Life Logic: How to Switch Careers

A young adult or professional may contemplate how to switch careers many times in life. Changes can be made in the educational phase or at times it’s just a personal choice within fields. There are even times one may choose to make a decision long after the start of one’s career necessitated by situational or economical factors. Statistically speaking, the average adult will change jobs at least ten times during their lifetime, so it is very safe to assume several of those jobs will also be a change in career. Common sense, planning, and self-awareness can help expedite the process and avoid major catastrophes. 

One should first evaluate key factors in the career change. The first factor is deciding what one wants to do. Making a list of desired outcomes in one’s new career and reaching out to professionals in the field can help with this, as well as researching the prospective market. It is important to educate oneself on average salary, educational requirements, growth potential, and job openings in the area and be aware of other factors like office hours and travel requirements. In some cases, a lateral move within one’s current career field might be more rewarding than a complete shift in industries. However, job seekers often find the time spent researching fosters negativity toward one’s current employment. Remaining in a career after the need for change has been identified is a leading cause of workplace dissatisfaction and poor performance. One’s decisions regarding career paths and options should be predicated on one’s attitude toward their current and projected career paths and objectives. Self-doubt can cause stress and anxiety while attempting a career change. Fear of the unknown is a healthy emotion that has been used for millions of years to preserve the human species. This is normal and a successful careerist will formulate ways to combat it. Recognizing what skills are transferable into a new career and what other achievements will benefit one can save time and stress. Analyzing one’s motives for change honestly can also prove beneficial by providing otherwise unclear or largely ignored insights. One should recognize oneself as the product and be confident in what one has to offer.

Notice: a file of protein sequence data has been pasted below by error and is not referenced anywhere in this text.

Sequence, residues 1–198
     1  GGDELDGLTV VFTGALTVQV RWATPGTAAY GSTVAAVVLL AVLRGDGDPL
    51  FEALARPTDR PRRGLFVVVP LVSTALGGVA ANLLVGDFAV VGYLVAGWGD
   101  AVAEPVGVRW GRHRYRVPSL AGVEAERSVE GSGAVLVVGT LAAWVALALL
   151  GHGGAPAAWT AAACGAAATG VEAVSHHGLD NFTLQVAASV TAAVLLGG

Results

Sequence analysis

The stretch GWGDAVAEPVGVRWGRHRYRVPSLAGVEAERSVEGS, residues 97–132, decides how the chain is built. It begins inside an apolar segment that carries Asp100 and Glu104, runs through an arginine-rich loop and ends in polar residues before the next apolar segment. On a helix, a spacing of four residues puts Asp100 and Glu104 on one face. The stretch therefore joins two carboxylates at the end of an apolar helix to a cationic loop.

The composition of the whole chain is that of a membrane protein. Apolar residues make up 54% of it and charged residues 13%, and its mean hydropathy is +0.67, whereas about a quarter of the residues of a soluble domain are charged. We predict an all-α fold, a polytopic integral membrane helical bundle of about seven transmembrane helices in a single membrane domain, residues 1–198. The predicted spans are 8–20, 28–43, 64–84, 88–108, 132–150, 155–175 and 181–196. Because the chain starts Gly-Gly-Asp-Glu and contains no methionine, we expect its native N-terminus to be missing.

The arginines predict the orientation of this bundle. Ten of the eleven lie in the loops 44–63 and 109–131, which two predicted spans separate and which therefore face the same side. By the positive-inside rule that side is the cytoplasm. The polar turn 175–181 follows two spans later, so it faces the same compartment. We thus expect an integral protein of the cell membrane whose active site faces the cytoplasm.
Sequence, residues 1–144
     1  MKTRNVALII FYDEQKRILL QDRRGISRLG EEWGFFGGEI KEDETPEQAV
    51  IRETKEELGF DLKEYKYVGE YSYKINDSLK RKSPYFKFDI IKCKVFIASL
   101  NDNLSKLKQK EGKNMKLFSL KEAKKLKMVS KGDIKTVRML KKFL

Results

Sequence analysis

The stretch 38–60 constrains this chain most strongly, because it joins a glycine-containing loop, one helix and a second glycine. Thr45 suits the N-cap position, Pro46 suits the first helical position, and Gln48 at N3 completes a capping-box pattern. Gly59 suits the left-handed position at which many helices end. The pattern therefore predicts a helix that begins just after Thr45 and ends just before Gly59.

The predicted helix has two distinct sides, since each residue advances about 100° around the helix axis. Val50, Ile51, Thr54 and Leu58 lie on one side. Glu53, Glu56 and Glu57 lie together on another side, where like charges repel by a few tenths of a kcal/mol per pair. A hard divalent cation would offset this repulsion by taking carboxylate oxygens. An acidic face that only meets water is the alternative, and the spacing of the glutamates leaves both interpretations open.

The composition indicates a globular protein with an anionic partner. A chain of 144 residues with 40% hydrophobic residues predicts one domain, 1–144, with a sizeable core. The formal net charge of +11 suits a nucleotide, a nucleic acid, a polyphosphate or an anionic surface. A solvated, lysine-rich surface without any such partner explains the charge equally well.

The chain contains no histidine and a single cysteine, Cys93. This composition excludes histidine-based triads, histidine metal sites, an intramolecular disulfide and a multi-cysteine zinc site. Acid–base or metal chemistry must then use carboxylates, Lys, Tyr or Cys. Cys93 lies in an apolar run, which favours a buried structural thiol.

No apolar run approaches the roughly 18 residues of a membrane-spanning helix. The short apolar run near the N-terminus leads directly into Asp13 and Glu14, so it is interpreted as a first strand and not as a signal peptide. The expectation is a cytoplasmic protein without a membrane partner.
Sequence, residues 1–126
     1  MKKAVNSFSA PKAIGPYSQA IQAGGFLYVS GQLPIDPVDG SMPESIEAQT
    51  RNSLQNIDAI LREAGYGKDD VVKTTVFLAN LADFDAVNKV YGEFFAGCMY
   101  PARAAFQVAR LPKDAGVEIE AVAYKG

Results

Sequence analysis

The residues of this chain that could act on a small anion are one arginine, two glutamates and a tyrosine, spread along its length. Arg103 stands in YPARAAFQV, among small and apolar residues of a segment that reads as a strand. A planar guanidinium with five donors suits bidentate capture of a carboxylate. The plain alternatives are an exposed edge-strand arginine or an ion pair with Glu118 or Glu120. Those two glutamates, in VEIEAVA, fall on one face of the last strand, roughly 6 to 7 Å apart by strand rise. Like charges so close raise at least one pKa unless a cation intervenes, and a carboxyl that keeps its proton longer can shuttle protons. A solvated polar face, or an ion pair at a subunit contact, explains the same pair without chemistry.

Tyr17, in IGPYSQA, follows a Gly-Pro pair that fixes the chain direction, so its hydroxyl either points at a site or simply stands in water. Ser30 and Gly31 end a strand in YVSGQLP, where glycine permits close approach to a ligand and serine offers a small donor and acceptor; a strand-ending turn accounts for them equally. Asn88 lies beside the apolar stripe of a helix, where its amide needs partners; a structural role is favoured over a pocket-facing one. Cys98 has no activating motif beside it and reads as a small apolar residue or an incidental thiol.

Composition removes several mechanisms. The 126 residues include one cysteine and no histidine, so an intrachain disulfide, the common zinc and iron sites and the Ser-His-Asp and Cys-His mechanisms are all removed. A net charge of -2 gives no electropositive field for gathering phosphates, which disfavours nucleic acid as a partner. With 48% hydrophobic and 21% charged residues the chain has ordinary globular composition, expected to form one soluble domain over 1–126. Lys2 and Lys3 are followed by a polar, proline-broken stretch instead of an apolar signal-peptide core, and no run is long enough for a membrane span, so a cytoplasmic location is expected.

At this point one should have a clear picture of the new career, how it differs from the current career path, and if any additional training or experience is needed. One should always set a time table for educational requirements or goals for applications and resumes being sent out. Drafting a new resume will help highlight desirable attributes in one’s new career. Having tangible, attainable goals will increase the likelihood of success and avoid sidelining one’s goals. One should maintain accountability as well, by volunteering to keep one’s skill set sharp and networking within the field of interest to keep abreast of new opportunities. The careerist should also regularly contact recruiters working in one’s field(s) of endeavor. These steps will prevent undue stress and increase the likelihood of success in switching careers effectively.

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